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An Office of Science User Facility

LCLS will offer self-seeded mode in Run 7

    General LCLS

Thursday, June 07, 2012

LCLS will offer self-seeded mode in Run 7
Since January 2012, LCLS has been testing the use of a diamond crystal monochromator located part way down the FEL undulator to produce self-seeded pulses of hard X-rays. The tests have successfully demonstrated seeding of very short FEL pulses, though R&D is continuing. It is anticipated that self-seeded operation may be advantageous to some user experiments, and that by the beginning of Run 7 LCLS will be in a position to reliably offer self-seeded operation to users in an exploritory mode.

What does self-seeding offer?
Self-seeding will be useful for some experiments, but not for all. In general, experiments that use the full bandwidth of the SASE FEL pulse can expect better machine reliability and significantly greater energy per pulse by continuing to operate in SASE (unseeded) mode. Also, seeded operation is not yet available for soft X-ray experiments. However, hard X-ray experiments (7.1-9.5 keV) that require the use of a crystal monochromator can expect increased energy per pulse in self-seeded mode.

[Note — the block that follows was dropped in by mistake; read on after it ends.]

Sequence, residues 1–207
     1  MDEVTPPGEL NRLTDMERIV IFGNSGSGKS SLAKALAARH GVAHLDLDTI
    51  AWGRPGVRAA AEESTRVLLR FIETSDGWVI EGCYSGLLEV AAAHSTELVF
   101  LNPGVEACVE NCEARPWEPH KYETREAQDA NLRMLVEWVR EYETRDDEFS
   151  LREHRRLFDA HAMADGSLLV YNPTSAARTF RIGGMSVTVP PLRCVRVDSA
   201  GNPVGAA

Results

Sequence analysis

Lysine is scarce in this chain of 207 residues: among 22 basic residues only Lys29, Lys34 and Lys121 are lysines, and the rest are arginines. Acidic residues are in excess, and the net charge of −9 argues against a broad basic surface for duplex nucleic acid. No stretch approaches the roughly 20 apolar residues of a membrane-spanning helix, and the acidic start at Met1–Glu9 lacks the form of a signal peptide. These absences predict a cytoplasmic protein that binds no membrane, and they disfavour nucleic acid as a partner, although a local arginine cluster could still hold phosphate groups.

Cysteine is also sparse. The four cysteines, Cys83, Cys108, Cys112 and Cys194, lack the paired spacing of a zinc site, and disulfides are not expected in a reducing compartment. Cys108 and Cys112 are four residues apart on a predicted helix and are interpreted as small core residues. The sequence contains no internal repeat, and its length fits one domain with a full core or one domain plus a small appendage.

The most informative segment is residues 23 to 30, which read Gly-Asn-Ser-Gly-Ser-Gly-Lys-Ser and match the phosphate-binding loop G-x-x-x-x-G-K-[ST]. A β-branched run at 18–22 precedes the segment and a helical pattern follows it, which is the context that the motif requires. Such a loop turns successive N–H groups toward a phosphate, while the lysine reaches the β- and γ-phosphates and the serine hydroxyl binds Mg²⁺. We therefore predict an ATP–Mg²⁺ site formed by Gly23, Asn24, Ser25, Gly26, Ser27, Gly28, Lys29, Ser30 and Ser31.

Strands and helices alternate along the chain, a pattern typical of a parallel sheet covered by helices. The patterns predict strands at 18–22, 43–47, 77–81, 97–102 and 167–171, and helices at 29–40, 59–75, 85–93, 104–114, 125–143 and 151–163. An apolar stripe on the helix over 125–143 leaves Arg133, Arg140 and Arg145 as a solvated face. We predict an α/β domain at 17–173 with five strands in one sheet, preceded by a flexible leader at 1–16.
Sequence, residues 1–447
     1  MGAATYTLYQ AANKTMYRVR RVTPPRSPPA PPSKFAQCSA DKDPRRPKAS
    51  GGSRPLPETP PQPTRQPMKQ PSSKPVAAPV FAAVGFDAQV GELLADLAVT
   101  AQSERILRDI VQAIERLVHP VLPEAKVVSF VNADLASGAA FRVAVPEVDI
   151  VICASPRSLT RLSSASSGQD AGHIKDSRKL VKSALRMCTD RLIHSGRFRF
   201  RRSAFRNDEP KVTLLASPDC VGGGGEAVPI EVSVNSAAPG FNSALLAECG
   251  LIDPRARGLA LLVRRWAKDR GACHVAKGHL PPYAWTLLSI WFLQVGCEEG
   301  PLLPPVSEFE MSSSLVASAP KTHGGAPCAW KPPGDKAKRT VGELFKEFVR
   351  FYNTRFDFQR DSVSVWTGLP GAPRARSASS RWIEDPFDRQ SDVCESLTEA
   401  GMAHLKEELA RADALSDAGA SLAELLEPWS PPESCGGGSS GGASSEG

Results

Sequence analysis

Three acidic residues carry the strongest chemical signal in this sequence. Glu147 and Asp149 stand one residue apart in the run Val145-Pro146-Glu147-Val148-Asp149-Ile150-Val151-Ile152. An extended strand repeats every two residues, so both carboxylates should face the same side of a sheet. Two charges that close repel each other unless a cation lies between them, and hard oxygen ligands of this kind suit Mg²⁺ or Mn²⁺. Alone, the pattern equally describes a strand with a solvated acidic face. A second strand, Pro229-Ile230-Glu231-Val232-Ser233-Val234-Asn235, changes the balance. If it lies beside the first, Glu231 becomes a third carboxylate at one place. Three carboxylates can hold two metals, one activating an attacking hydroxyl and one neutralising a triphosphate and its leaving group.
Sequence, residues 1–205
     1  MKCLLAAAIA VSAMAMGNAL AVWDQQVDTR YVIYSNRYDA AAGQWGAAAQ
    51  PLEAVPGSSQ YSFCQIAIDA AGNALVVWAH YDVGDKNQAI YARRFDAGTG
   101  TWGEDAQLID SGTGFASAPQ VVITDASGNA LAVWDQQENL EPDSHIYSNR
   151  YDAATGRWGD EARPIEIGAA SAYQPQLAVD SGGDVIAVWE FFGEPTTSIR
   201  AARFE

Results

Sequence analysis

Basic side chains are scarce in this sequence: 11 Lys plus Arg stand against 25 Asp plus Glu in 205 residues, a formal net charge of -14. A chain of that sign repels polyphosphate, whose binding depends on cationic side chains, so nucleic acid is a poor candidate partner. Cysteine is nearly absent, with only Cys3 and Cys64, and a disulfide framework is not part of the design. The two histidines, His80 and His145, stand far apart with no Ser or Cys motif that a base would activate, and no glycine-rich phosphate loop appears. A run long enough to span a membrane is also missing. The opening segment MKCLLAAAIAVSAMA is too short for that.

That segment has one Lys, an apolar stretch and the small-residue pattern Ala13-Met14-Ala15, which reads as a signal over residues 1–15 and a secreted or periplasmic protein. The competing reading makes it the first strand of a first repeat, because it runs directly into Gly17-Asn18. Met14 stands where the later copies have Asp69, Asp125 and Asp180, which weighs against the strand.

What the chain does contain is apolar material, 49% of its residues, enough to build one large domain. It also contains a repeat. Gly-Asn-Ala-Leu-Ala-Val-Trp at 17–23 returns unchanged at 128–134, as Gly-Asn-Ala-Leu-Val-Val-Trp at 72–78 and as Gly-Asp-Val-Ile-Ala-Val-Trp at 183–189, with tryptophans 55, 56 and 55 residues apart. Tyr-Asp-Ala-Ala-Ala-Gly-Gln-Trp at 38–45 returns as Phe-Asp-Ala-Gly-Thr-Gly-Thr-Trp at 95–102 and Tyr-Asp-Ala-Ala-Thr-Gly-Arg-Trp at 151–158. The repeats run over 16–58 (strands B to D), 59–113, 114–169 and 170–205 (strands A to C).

Other restrictions
Currently, the self-seeded mode cannot be used with focused X-ray beams, due to concerns about beam containment. LCLS is working to address this issue – please contact the appropriate instrument scientist for updates about the use of focused seeded beams in a given experimental station.

Typical parameters for the self-seeded pulses are:

Photon energy 7.1-9.5 keV
Fractional bandwidth 1 x 10-4 (30 times smaller than the SASE bandwidth)
Maximum pulse energy about 0.5 mJ (0.2 mJ typical)
Average pulse energy 0.1 mJ
Shot-shot energy fluctuations 100%
Pulse duration < 50 fs
Expected tune-up time 2-4 hrs



SLAC SLAC National Accelerator Laboratory, Menlo Park, CA
Operated by Stanford University for the U.S. Dept. of Energy